The Structure and Function of Nervous Tissue V2

The Structure and Function of Nervous Tissue V2

Structure I

1st Edition - January 1, 1972

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  • Editor: Geoffrey Bourne
  • eBook ISBN: 9780323145886

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The Structure and Function of Nervous Tissue, Volume IV: Physiology II and Biochemistry II focuses on the structure and function of nervous tissue. It investigates the plasticity of synapses, their degeneration and regeneration, neuronal inclusions, RNA of nervous tissue, and molecular organization of neural information processing. Furthermore, it covers topics on gamma-aminobutyric acid (GABA) in the nervous system, the blood-brain barrier, and the extracellular space (ECS) in the vertebrate central nervous system (CNS). Organized into 10 chapters, this volume begins with an overview of synapses, with emphasis on changes in both the efficacy of individual synapses and the numbers of synapses made by axons upon neurons. It then discusses the orthograde terminal degeneration of synapses and the use of light and electron microscopy in studying synapse degeneration and regeneration. It also explains the synthesis, storage, and release of acetylcholine from nerve terminals; inclusions associated with viral infections; metabolism of RNA in nervous tissue; chemical correlates of information processing; metabolism of GABA in mammalian CNS; electrical activity of the normal brain; and chemistry of the cerebrospinal fluid. The book concludes with a chapter on the mechanism by which vertebrate central nervous tissue alters the magnitude of the ECS. This book will be of interest to anatomists, embryologists, biochemists, pathologists, clinicians, and molecular biologists. This will be invaluable as well to graduate students in a variety of disciplines and those specializing in particular aspects of nervous tissue study.

Table of Contents

  • Contributors


    Contents of Other Volumes

    1. Plasticity of Synapses

    I. Introduction

    II. Short-Term Functional Studies

    III. Short-Term Structural Studies

    IV. Trophic Effects at Synapses

    V. Long-Term Functional Studies

    VI. Long-Term Structural Studies

    VII. Conclusions


    2. Degeneration and Regeneration of Synapses

    I. Introduction

    II. Degeneration of Synapses

    III. Regeneration of Synapses

    IV. Summary


    3. Synthesis, Storage, and Release of Acetylcholine from Nerve Terminals

    I. Acetylcholine Synthesis

    II. Acetylcholine Storage

    III. Transmitter Release


    4. Neuronal Inclusions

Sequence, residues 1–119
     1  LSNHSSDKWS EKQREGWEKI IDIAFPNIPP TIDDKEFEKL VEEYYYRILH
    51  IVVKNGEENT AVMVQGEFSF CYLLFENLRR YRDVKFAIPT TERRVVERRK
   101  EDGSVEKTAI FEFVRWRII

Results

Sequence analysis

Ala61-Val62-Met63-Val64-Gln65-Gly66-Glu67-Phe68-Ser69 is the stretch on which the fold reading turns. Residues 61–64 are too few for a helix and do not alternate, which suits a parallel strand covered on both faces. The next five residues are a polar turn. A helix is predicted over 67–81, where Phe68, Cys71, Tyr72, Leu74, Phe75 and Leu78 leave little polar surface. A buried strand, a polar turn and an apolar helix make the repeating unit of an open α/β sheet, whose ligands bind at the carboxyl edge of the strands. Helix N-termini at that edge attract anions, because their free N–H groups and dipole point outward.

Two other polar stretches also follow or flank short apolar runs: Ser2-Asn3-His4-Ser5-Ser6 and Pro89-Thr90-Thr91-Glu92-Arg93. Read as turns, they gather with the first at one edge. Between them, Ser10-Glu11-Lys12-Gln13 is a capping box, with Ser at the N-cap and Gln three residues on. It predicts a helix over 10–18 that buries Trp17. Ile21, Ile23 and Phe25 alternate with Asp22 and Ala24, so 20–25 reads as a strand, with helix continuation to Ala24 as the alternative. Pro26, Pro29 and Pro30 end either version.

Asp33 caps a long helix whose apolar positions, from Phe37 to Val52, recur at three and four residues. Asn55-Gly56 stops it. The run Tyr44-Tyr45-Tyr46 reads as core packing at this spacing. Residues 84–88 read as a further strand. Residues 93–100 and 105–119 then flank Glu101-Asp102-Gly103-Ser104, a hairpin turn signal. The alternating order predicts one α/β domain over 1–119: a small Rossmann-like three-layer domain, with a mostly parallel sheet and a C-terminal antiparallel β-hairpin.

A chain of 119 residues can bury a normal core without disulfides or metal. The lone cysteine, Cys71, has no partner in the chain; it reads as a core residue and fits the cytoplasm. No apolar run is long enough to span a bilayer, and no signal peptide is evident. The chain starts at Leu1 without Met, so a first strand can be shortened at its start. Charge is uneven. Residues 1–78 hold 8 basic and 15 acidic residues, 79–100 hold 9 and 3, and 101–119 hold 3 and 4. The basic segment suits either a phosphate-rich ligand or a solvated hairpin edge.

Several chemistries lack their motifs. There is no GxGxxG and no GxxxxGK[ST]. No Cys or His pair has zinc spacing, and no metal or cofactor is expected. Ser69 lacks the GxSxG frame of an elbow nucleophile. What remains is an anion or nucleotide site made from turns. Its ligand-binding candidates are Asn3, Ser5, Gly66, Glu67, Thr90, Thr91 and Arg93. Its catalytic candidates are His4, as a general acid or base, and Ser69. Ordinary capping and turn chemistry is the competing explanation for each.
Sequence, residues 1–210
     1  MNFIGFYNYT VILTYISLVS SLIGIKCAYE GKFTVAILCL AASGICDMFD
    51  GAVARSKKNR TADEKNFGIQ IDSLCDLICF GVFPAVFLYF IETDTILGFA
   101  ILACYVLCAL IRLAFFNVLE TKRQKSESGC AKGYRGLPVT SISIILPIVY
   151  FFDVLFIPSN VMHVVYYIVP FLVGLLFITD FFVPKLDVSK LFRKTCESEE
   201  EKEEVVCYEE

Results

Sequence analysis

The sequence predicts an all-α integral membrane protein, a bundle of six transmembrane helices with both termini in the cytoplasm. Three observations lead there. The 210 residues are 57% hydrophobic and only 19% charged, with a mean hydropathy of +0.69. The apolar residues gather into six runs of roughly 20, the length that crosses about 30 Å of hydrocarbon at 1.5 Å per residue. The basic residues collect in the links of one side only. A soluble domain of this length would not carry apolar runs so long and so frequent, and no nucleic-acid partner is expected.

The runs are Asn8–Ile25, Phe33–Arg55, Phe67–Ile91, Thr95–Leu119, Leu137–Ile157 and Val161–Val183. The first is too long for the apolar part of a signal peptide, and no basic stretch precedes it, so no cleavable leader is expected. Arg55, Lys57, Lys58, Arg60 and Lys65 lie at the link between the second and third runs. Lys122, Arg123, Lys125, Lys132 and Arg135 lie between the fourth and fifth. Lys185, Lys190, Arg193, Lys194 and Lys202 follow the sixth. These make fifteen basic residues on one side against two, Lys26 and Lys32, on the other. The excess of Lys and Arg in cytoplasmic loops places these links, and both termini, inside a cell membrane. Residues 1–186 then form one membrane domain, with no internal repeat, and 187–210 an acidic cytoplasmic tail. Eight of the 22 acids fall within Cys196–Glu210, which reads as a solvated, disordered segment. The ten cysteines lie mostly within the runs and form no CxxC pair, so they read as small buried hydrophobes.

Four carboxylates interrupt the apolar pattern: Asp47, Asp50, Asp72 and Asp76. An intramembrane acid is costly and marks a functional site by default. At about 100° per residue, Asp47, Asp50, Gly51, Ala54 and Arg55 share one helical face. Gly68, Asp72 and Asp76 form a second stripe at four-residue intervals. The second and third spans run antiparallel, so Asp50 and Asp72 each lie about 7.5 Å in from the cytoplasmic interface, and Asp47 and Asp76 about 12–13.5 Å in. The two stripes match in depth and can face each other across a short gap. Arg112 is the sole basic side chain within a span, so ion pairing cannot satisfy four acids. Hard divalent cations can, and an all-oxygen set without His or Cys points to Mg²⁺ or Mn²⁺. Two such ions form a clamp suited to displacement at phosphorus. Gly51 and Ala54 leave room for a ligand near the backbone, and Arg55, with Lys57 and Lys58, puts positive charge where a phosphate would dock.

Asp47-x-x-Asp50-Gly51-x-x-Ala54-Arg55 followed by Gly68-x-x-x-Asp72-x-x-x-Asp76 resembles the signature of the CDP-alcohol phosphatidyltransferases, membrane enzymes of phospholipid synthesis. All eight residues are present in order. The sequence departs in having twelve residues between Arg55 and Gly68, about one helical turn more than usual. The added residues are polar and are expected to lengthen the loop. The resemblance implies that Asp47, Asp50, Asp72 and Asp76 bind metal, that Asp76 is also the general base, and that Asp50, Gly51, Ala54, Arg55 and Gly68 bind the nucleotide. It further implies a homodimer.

I. Introduction

    II. Inclusions Associated with Viral Infections

    III. Nonviral Nuclear Inclusions

    IV. Nonviral Cytoplasmic Inclusions

    V. Inclusions Derived from Neuronal Fibrous Proteins


    5. Ribonucleic Acid of Nervous Tissue

    I. General Aspects of RNA in Nervous Tissue

    II. RNA Metabolism

    III. Induced Changes in RNA

    IV. Special Considerations


    6. Molecular Organization of Neural Information Processing

    I. Introduction

    II. Chemical Correlates of Information Processing

    III. Bioassays for the Molecular Code

    IV. Molecular Basis of Neural Coding

    V. Concluding Remarks


    7. ?-Aminobutyric Acid in the Nervous System

    I. Introduction

    II. Early History

    III. Crustacean Neuromuscular Junction

    IV. Other Invertebrate Inhibitory Synapses

    V. Inhibitory Action of GABA in Nonmammalian Vertebrates

    VI. Inhibitory Synapses in Deiters Nucleus

    VII. Other Inhibitory Synapses in Mammalian CNS

    VIII. Metabolism of GABA in Mammalian CNS

    IX. Other Amino Acids Related to GABA

    X. General Comments and Conclusion


    8. The Electrical Activity of the Normal Brain

    I. Introduction—The Phenomenon as Observed

    II. The EEG of Normal Man

    III. Neuronal Mechanisms Underlying the EEG

    IV. The Effect of Peripheral Stimulation on the Electrical Activity of the Brain

    V. Neuronal Mechanisms Underlying the Evoked Potential

    VI. Summary


    9. The Blood-Brain Barrier

    I. Introduction

    II. Drainage of the Cerebrospinal Fluid—Arachnoid Villi

    III. The Secretion of the Cerebrospinal Fluid—Choroid Plexuses

    IV. Chemistry of the Cerebrospinal Fluid

    V. Rate of Secretion of Cerebrospinal Fluid

    VI. Passage of Infused Material from Blood to Cerebrospinal Fluid

    VII. Penetration into Brain

    VIII. Permeability of the Choroid Plexus

    IX. Slowly Equilibrating Substances

    X. Extracellular Space of Brain

    XI. Brain-Cerebrospinal Fluid Exchanges

    XII. Active Transport Outwards

    XIII. Morphology of the Blood-Brain Barrier

    XIV. Significance of the Blood-Brain Barrier

    XV. Mechanism of Homeostasis

    XVI. The Cerebrospinal Fluid and Brain Potentials

    XVII. Acid-Base Parameters

    XVIII. Some Special Features of the Blood-Brain Barrier System

    XIX. Modifications of the Barriers

    XX. Ontogeny of the Blood-Brain Barrier

    XXI. Special Regions of the Brain

    XXII. Peripheral Nerve



    10. The Extracellular Space in the Vertebrate Central Nervous System

    I. Space Determinations with Extracellular Markers

    II. Electrical Impedance of Central Nervous Tissue

    III. Chloride and Water Movements in Central Nervous Tissue

    IV. Electron Microscopy of Central Nervous Tissue

    V. Mechanisms Involved in the Electrolyte and Water Transport in Central Nervous Tissue


    Author Index

    Subject Index

Product details

  • No. of pages: 564
  • Language: English
  • Copyright: © Academic Press 1972
  • Published: January 1, 1972
  • Imprint: Academic Press
  • eBook ISBN: 9780323145886

About the Editor

Geoffrey Bourne

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